The bright spot amid this balance effort was that we didn’t change the core mechanisms of Hocus after November. The game we took to BGG Con is more or less the game we published. Our Spells and Owls were massaged constantly, but Hocus Classic didn’t change, save for slight tinkering to make it viable for 2 and 5 player games.
The solutions here were simple, and were aided by our constant frustrations with the probability of the hands. We found in 2-player games the distribution of cards was too wide to allow players to compete in multiple hands. We implemented a rule that during setup, players removed the 1 and 13 cards of every suit. This condensed the deck and fixed the probability for 2 player games. We then applied the same idea to 5-player games, which at that point were far too tight. We added a 0 and 14 to every suit, and a third Community. As a result, we’re able to claim 2-5 on the box without a “wink wink” that happens with some games.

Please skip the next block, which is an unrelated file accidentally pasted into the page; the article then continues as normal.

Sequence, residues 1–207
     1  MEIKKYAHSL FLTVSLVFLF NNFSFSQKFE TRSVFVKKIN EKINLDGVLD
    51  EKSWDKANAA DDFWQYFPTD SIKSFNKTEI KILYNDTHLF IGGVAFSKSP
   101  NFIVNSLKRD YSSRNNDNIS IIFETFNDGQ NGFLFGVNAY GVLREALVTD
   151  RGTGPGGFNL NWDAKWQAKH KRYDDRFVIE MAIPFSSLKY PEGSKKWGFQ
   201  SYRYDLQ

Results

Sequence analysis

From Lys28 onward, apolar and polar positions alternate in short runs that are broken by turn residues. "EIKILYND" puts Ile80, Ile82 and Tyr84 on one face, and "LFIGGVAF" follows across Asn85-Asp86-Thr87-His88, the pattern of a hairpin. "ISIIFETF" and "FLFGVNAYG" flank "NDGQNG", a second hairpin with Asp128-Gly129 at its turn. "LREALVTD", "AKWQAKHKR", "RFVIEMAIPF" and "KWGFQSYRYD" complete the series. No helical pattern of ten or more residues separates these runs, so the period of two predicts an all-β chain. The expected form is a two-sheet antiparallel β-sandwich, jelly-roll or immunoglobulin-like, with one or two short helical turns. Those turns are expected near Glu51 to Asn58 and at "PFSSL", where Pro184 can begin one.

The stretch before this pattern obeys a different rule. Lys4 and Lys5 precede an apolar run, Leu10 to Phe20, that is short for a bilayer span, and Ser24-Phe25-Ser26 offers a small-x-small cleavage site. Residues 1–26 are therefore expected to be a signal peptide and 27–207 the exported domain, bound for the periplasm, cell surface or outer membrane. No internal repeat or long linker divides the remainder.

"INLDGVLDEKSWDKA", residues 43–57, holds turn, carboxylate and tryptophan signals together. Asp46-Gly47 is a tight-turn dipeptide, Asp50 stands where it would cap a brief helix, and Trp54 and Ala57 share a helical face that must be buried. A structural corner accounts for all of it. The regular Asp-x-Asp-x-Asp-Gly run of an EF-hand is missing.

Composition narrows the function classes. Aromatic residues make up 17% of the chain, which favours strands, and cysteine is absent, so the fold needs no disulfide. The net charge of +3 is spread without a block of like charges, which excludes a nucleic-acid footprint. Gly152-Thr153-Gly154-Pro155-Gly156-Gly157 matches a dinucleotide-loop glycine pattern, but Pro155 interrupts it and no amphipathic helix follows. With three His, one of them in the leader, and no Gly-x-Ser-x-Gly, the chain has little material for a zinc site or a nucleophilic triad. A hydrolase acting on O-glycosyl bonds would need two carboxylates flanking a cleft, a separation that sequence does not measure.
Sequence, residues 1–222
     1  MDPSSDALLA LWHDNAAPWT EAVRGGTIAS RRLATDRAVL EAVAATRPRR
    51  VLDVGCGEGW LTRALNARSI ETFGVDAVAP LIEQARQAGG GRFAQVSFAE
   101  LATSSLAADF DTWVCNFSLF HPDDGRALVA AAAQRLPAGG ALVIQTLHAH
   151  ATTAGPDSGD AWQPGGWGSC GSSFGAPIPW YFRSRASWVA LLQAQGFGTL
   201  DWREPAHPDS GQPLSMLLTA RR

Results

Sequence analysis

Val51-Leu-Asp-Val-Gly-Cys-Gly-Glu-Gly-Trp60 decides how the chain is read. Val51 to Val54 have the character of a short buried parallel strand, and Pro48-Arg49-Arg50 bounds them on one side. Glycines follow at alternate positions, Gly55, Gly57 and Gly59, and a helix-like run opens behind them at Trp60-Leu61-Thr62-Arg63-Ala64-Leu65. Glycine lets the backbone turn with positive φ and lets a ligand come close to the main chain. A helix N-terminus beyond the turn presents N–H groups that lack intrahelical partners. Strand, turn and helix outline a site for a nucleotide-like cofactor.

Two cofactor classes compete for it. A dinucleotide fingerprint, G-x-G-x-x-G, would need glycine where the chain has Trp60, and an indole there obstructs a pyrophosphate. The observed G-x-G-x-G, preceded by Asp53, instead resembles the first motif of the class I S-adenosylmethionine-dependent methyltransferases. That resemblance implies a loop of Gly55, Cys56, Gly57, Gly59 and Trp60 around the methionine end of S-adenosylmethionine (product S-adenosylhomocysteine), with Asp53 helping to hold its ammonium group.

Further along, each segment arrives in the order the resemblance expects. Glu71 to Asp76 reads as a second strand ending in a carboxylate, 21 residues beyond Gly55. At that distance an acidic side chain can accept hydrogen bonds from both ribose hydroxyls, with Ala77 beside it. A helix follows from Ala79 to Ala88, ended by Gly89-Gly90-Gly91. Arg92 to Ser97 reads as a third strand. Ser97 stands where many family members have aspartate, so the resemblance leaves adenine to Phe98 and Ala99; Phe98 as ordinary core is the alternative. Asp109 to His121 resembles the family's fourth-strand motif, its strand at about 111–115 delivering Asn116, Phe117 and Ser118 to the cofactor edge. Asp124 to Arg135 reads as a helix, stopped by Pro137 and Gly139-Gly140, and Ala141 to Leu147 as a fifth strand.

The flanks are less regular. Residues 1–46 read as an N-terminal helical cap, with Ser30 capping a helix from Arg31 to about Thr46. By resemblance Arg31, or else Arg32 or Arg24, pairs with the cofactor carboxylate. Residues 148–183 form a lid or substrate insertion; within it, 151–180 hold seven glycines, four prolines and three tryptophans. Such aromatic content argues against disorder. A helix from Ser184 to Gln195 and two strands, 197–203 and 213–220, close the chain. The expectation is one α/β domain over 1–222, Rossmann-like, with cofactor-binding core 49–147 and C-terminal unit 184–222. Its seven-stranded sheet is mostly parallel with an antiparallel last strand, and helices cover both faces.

The final major hurdles were wording on the Spells and in our rulebook. We had a handful of nitpickers who raked us over the coals, and rightly so. It seems insignificant, but using ‘play’ or ‘place’ consistently, using capitalization consistently, spelling things out, including “randomly,”…these all lead to a far more polished game that’s easier to learn and enjoy.
We also had to settle on the final name. We had a lot of weird ideas, like Wyrd, and Wild, and Oddly, but ultimately, we simply removed the “poker” to name the game just Hocus.
Hocus was a dreadful slog at both ends. In the beginning, we fooled ourselves into thinking we had a hit, only to spend a long time trying to turn the idea into a viable game. When we finally found it, we experienced true joy, but then had to get going once again to polish the idea. Ultimately, we kept going because we loved the premise, and once we found it, we loved the game.
Hocus is relatively simple to learn, but due to the variety in the Spells and level of player interaction, there’s quite a bit of strategy. Everything is player controlled, and the game is deeply interactive, which makes it a really fun tabletop experience. We’re incredibly proud of it and will gladly endure a similar struggle if we can make a game we like as much as Hocus.